My steps echoed in the hallway of the 17th floor of Bellevue Hospital as my head remained buried in the H&P my resident handed me only a few seconds earlier. Mr. W was a 64 year-old African American male with an extensive medical history including CAD with CABG, CHF with an EF of 30%, COPD, stage 4 squamous cell carcinoma of the lung (status-post chemotherapy and radiation), who was in his usual stage of chronically ill health until 3 days prior to admission when he began noticing shortness of breath and subjective fevers. Chest x-ray on admission revealed a right middle lobe pneumonia with an associated pleural effusion. He was given antibiotics without significant clinical improvement and repeat imaging revealed a near total collapse of his left lung. He went on to complete the antibiotic course for pneumonia without resolution of his lung collapse.
Tucking the H&P into my white coat pocket and entering his room, I was met by a warm, tell-it-like-it-is kind of man who immediately took to calling me “Dr. Doogie Howser” as a play on my last name and short stature. Although he was struggling to breathe, he managed to carry on a conversation as I got to know him and his story in more detail. He had recently found out about his left lung collapse and was awaiting a bronchoscopy, which he hoped would improve his breathing and “clear out the junk,” and after spending the morning with him, I was just as hopeful.
A few days later, as I sat behind the computer screen in the resident workroom, an inbox notification appeared for Mr. W. It was the procedure note from the bronchoscopy the day prior, and in clear black and white text it denoted findings consistent only with disease progression. At that point the realization slowly dawned upon me that his fate was inevitable. He was going to die from lung cancer. Whether it be in a few months or a year, the line in the sand had been drawn.
Each morning leading up to that day I had sat behind a computer, trending Mr. W’s lab results, reviewing notes, and learning other services’ perspectives on his progress, all in preparation to present his case on rounds. A large percentage of my time was spent staring at a screen, tracking Mr. W from afar. But on that morning as I walked into his room, I took the seat next to his bed for the first time, finally taking a minute to consider the world from his perspective. As he reached for my hand, the tears began to cascade down his cheeks.
Too often in the morning I breezed into his room, standing next to his bed asking about overnight events, the regularity of his bowel movements, and performing a review of systems and physical exam all within the span of several minutes. Day in and day out I was failing to ask about and address the most important component of his health – the condition of his spirit. Sitting down next to his bed that morning, I witnessed him facing the imminence of his own mortality for the first time. Suddenly the importance of tracking machines and lab values disappeared, and the true meaning of doctoring sat right before my eyes.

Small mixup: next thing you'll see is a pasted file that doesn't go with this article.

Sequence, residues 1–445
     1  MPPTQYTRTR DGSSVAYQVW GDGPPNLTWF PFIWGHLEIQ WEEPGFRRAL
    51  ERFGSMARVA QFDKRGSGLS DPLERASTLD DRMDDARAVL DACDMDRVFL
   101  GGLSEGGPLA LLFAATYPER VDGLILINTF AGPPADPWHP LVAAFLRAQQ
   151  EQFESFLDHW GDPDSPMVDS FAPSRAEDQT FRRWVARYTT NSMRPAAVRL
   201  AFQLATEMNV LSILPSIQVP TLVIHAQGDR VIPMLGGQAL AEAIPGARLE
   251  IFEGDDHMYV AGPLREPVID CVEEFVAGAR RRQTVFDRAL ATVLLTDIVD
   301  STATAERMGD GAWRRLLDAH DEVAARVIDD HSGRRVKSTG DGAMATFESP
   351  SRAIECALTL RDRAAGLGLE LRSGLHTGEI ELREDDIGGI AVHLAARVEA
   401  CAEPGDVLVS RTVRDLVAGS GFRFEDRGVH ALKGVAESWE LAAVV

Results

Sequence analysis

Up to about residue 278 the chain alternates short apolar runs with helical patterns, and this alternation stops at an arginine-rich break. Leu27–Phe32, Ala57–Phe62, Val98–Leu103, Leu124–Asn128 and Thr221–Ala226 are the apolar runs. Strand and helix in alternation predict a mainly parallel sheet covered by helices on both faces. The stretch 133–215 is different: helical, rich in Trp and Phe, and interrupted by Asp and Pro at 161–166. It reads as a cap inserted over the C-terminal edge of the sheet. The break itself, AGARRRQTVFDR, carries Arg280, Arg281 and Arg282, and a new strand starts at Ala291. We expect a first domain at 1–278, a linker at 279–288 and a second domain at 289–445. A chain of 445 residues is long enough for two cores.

The philosophy of medicine, the art of deeply understanding what it means to be a doctor and a healer struck me as I sat with Mr. W that morning. In modern medical education, often the acquisition of knowledge and medical facts is the central focus, not necessarily the development of wisdom and insight into the complexity that defines man. I am reminded of Michel de Montaigne who profoundly wrote, “We work merely to fill the memory, leaving the understanding and the sense of right and wrong empty,” with education striving to make us learned, but not teaching us to seek virtue and embrace wisdom. Each day on the floor our minds are filled with knowledge, the latest-evidence, and principles of management. We derive benefit from the experience of our residents and attendings. And although our patients are our greatest teachers regarding the scientific aspect of disease, one often forgets that they are also our greatest teachers on the subject of the human spirit. An apt quote from Weatherall perfectly embodies this phenomenon: “The principal problem for those who educate our doctors in the future is how on the one hand, to encourage a lifelong attitude of critical, scientific thinking to the management of illness and, on the other, to recognize that moment when the scientific approach, because of ignorance, has reached its limits and must be replaced by sympathetic empiricism.” On that morning with Mr. W, the scientific approach had exhausted its limit, warranting replacement by one of sympathy and compassion. In this way, although the pursuit of knowledge remains a lofty goal, the pursuit of a deep understanding of the human spirit and the philosophy behind the practice of medicine remains similarly weighted.
The philosophy behind being a physician consists of the accumulation of a not only knowledge itself, but of reality and existence—a learning curve that begins with the first patient interaction. Mr. W was not simply defined by his three or four letter disease abbreviations, by his CAD, CHF, COPD, and SCLC. He was a fellow creature experiencing great suffering now faced with the reality of his own mortality. Doctoring involves the deep understanding of the mechanism of disease, but also the mechanism of the human mind and spirit. And all it takes to begin that study is a dose of perspective.
Kaitlyn Dugan is a 3rd year student at NYU Medical School
Image courtesy of Google images.
1. Screech MA, ed. Michel de Montaigne: The Complete Essays. Middlesex: Penguin, 1993. http://www.amazon.com/Michel-Montaigne-Complete-Penguin-Classics/dp/0140446044
2. Weatherall D. Science And The Quiet Art: The Role of Medical Research in Health Care. New York: Norton and Company;1995. http://www.abebooks.com/servlet/BookDetailsPL?bi=11838055744&searchurl=an%3DWEATHERALL%252C%2BD%2BJ